Is an Associate Professor in Disability Research and Postdoctoral Research Fellow in Cognitive Hearing Science at the Swedish Institute for Disability Research (SIDR). She is also member of the Cognition, Development and Disability (CDD) research group at the Department of Behavioural Sciences and Learning (IBL), Linköping University (LiU). Her research interest is in the cognitive and neural organisation of language and memory. Her PhD thesis explored the neurocognitive organization of working memory for sign speech and she is continuing this strand of research by investigating phonological, semantic and arithmetic processes relating to sign language in perceptual and cognitive contexts. She is also looking at the interaction between signal processing parameters in hearing aids and neurocognition and speech understanding in their wearers. Other projects address neurocognitive issues in people with learning disability and in children. She is Assistant Research Manager of Linnaeus Centre HEAD and Director of Studies of the HEAD Graduate School. She supervise five doctoral students at SIDR.
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Jerker is born 1953. He became a full professor in psychology, especially disability research in 1997, at the Department of Behavioral Sciences and Learning, Linköping university. His research centers on cognition, communication and disability based on neuro-science and behavioral perspectives. The research is about working memory and language processing in e.g. bilingual sign language users (brain imaging methods), picture recognition and working memory training in persons with learning disabilities, cognitive and linguistic prerequisites for communication in persons with cerebral palsy, and communicative strategies in individuals with severe traumatic brain injury. Jerker has a long track record from many cognitive and communicative projects in the area of Hearing and Deafness (HEAD), focused on the interaction between signal processing in tactile aids, cochlear implants, and hearing aids and the working memory capacities necessary to become a successful communicator. He has recently become the director of the Linnaeus Centre HEAD, which is based on a major 10-year grant from the Swedish Research Council. The Centre is part of SIDR. Jerker has published around 125 original articles in international journals, close to 50 book chapters and several books. He is also the research leader at the CDD (Cognition, Development, and Disability) division at the department.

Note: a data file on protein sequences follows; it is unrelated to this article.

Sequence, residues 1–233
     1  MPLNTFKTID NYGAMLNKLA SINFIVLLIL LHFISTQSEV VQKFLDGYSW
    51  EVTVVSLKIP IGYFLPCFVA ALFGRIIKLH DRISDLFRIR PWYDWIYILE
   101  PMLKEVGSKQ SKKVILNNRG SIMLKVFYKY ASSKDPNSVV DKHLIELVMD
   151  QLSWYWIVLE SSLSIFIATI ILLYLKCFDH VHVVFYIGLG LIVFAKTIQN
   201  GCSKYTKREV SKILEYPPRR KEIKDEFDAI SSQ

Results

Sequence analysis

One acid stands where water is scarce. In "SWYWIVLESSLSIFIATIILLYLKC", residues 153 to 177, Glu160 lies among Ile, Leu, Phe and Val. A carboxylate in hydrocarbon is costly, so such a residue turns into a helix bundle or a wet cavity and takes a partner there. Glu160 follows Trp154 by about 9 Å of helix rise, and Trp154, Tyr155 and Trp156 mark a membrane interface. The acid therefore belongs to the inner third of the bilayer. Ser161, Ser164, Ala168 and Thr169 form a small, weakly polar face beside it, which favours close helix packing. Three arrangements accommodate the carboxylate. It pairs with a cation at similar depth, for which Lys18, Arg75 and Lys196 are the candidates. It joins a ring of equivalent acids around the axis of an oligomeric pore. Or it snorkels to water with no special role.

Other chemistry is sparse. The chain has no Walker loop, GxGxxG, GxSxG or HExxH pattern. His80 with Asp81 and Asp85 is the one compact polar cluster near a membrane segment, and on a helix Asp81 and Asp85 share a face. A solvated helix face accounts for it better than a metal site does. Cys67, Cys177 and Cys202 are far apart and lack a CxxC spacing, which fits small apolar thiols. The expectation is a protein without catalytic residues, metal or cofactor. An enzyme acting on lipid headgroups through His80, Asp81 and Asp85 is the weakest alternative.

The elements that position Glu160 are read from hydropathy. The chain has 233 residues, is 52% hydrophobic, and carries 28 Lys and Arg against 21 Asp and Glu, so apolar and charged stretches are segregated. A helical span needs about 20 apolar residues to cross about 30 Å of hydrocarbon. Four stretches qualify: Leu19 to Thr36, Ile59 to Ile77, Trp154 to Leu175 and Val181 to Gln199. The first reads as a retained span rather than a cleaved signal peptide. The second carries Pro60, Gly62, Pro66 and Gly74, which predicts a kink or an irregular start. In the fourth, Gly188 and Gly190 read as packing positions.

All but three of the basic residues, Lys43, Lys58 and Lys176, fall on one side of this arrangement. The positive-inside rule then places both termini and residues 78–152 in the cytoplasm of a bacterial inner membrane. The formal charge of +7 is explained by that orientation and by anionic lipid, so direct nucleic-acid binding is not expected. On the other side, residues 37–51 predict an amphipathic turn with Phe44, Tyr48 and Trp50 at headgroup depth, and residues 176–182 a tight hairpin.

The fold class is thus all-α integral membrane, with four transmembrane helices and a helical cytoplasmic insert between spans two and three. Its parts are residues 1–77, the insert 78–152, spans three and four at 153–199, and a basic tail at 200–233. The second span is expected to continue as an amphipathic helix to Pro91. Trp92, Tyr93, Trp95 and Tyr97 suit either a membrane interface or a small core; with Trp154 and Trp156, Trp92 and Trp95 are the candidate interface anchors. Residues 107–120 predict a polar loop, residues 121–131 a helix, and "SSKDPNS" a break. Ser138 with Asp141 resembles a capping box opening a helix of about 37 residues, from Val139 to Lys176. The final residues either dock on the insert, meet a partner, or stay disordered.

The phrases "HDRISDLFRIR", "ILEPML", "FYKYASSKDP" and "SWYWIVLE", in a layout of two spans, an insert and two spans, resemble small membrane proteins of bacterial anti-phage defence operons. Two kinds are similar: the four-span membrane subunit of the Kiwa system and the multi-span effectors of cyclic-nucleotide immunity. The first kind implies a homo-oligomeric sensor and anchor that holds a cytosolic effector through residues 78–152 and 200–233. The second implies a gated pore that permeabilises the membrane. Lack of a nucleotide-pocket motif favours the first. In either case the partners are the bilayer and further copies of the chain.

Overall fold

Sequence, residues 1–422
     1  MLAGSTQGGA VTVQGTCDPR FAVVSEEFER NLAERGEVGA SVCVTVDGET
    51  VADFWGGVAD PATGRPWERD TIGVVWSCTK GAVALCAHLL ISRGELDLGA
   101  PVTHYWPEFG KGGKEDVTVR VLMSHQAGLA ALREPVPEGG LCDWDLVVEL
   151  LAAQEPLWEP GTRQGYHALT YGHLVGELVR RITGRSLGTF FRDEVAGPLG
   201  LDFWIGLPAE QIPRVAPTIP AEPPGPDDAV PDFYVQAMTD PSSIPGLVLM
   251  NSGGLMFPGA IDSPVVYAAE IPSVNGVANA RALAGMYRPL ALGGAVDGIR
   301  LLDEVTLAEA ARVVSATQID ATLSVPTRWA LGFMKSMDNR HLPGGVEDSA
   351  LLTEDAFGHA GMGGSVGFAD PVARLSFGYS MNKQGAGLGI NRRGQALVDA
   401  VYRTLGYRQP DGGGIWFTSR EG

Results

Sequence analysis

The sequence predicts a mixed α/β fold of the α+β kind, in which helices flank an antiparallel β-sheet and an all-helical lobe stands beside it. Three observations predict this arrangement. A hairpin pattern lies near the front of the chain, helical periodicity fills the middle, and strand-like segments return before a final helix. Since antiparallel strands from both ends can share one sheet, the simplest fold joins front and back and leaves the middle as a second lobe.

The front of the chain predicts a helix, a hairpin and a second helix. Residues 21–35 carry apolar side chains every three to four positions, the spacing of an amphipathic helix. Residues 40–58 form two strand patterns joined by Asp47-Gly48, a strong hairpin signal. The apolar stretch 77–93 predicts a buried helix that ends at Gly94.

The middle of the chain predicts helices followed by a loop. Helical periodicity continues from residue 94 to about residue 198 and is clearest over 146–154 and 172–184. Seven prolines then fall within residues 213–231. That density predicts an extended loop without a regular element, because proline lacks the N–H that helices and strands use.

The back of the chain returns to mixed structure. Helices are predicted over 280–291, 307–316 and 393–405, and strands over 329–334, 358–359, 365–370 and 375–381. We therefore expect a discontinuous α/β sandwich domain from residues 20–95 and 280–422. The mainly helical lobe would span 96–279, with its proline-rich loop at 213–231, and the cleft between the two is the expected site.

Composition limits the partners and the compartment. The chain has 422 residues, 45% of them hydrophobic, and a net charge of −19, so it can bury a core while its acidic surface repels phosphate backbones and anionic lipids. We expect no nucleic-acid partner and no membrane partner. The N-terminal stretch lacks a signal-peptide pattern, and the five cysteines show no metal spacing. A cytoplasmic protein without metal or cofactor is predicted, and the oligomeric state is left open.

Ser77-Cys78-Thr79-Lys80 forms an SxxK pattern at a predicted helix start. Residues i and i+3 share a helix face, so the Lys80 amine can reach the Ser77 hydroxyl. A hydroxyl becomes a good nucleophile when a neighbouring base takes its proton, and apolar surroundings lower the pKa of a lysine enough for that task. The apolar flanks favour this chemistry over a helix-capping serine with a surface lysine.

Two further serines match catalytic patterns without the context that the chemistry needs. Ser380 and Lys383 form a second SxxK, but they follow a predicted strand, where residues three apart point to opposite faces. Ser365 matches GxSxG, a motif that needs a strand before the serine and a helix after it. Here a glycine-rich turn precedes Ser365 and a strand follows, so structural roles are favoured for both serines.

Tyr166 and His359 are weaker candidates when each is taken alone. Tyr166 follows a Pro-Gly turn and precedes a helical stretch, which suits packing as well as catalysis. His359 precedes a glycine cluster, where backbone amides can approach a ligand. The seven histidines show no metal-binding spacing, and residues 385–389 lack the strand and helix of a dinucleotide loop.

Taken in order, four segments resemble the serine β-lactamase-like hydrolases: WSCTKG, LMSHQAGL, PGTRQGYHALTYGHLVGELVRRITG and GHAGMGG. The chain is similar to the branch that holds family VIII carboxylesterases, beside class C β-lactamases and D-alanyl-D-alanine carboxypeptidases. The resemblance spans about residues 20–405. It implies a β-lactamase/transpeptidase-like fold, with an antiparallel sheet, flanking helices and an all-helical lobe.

Professor of Technical Audiology at the department of Neuroscience and Locomotion at Linköping University. The research is primarily aimed at modelling the hearing function and hearing physiology with an emphasis on bone conduction sound transmission. Other areas where SS is active is in the design and evaluation of methods for hearing sensitivity assessment, design and evaluation of signal processing schemes in hearing aids and cochlear implants, design of implantable hearing devices, development of communication systems for extreme environments as well as characterisation of hearing protection devices. In several of these areas is there an ongoing collaboration with the industry. Also, SS is clinically connected to the university hospital in Linköping in the field of Audiology.